The anal fin accompanying more than a half of the length of the fish acts as an imaginary blade to the long and tapered “knife” of the body. Also the caudal fin is little developped.

The colour is dark grey on the back and goes down on the sides with a moire where clear and dark colours mix irregularly, to end in an opaque white belly.

Depending on the habitat the colouration may vary adding more or less accentuated shades, tending green and yellow.

The pale abdomen is the surprises zone: rarely deflated, it often shows protrusions that speak volumes about the appetite of the fish. The skin is smooth, has no scales and is covered by slippery mucus.

Ethology-Reproductive Biology

Introduced in Europe and in many European parts for ludic purposes, to give big satisfactions to the amateur fishermen, it has not taken too long, man accomplice, to expand like a wildfire.

It can be found hidden under many sunken boats or in the woodsheds (masses of brushwoods thrown in water to favour the reproduction and the growth of the fishes), in fissures of the rocks, in the impenetrable tangles of long weeds and in all the sites, mud included, that may offer a safe daytime shelter.

During the night it roams wandering and diving the big head on the preys that the long barbels, always busy, have revealed.

The prey that ends up between its lips has no escape. In vain basses and punkies erect the sharp stings on the back. By closing strongly the jaws, it gradually chokes the victims closing their gills while, simultaneously, rotates them in way that the spines are not opposite to the way leading them to the stomach.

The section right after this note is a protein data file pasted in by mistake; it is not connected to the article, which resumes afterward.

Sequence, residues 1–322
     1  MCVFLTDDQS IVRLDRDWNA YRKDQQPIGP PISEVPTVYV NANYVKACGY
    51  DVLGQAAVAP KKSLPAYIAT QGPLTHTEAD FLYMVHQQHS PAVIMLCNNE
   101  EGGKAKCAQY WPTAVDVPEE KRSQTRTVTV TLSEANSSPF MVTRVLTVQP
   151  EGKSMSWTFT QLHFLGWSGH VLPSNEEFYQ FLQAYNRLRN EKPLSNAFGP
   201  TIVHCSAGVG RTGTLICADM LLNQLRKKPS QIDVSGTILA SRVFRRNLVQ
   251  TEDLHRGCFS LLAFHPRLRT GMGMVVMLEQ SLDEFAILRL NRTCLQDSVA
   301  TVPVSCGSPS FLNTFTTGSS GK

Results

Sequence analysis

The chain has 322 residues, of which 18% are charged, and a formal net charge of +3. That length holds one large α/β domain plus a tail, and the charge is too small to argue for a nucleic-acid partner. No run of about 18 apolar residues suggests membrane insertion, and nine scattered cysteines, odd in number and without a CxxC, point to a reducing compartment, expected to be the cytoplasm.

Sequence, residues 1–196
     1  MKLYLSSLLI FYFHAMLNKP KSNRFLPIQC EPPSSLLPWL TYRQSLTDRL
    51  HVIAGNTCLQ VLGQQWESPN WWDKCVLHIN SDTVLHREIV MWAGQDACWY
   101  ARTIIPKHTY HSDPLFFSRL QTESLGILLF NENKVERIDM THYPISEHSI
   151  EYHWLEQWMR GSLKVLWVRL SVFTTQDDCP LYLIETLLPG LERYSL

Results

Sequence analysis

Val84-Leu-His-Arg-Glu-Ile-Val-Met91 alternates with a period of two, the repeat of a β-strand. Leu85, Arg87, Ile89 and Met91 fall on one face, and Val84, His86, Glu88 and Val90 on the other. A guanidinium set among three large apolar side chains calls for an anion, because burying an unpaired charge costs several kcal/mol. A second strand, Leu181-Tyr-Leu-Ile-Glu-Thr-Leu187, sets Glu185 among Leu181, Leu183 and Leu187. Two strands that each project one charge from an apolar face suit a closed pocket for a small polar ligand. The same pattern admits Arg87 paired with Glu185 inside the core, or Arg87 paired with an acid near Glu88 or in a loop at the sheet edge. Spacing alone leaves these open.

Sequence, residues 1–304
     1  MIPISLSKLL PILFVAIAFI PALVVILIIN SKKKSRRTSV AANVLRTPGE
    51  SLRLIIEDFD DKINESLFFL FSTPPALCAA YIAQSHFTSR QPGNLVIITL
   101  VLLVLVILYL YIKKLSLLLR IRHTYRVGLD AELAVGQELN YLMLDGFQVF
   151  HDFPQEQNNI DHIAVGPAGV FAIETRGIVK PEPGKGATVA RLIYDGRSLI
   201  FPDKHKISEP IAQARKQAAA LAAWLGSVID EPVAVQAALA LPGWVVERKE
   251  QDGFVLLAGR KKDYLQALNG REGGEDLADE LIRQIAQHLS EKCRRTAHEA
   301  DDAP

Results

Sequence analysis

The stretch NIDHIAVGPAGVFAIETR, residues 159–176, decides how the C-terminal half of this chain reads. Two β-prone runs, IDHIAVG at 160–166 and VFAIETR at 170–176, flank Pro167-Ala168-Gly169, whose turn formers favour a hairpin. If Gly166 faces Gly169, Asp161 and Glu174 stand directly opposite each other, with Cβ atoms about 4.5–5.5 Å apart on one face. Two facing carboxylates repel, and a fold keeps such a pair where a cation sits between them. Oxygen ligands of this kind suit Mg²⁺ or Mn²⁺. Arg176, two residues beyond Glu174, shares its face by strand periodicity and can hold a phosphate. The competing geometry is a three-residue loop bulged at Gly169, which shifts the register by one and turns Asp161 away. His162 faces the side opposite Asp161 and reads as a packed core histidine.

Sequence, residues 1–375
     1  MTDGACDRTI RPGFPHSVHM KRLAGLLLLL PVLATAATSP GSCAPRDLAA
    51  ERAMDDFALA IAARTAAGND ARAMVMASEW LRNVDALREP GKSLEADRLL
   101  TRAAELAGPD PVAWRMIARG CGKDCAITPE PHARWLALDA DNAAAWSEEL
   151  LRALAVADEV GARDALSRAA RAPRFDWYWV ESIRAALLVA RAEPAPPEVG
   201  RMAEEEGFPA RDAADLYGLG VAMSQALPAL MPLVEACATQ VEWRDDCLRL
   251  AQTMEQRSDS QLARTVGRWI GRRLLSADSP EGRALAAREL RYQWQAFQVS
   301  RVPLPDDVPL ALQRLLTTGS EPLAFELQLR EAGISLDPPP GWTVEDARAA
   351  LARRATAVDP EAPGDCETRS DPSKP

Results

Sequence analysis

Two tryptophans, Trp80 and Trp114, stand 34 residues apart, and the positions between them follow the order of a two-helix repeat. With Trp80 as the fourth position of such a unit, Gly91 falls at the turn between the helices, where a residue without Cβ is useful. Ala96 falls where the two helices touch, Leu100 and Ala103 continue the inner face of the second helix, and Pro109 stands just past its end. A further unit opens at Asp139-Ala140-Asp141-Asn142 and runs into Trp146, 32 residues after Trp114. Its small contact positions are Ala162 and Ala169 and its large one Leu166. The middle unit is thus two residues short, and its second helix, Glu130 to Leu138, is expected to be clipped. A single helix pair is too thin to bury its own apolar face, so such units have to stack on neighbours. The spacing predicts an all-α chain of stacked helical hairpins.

While growing in size, also the dimensions of the preys increase. Besides the usual diet of fishes and amphibians, the biggest specimens seize also small mammals and waterfowls.

When meeting the man it shows indifference even if, when the approach is excessive, escapes with a lightning turn.

Silurus glanis, European catfish, Wels catfish

A dart, a cloud of dust and also this is seized with no escape. Of possible Danubian origin, the catfish has diffused, thanks to the man, in almost all European rivers and lakes with serious damage to the local species. The flesh is good even if, due to pollution, before eating it is perhaps advisable to have the water analyzed © Sebastiano Guido

Being a great eater that consumes every day almost the 2% of its own body weight, and finding in the new habitats where has been introduced quite a few natural foes (only the big pikes and zanders), it’s revealing to be a real pest, to the point that in some zones the underwater fishing is allowed even with the aqualung.

In other locations, instead, it is forbidden to the fishermen taking it ashore to place it again in water. Moreover, the flesh is good even if, due to the pollution, before eating it would be better to contact the veterinary authorities.

In the origin countries, besides the flesh consumed fresh or smoked, the skin is utilized for producing glues and for the leather industry.

Silurus glanis, European catfish, Wels catfish

This albino young seems to smile affable. The anal fin, very long, renders the body similar to a waving blade between the 6 stretched barbels © Giuseppe Mazza

When the water exceeds the 20 °C, the males dig small basins that will cover with weeds and twigs where the spawning will take place. After the fecundation they will defend them and will aerate them from time to time until the hatching. This can vary from two to ten days from the deposition, depending on the water temperature. It is estimated that the number of eggs is of around 30.000 per each kilo of weight of the mother. The newborns will remain in the nest till when they have not competely absorbes the yolk sac and will reach the sexual maturity in 2-3 years.


Siluris glanis Linnaeus, 1758; Silurus silurus Wulff, 1765; Silurus glanis aralensis Kessler, 1872.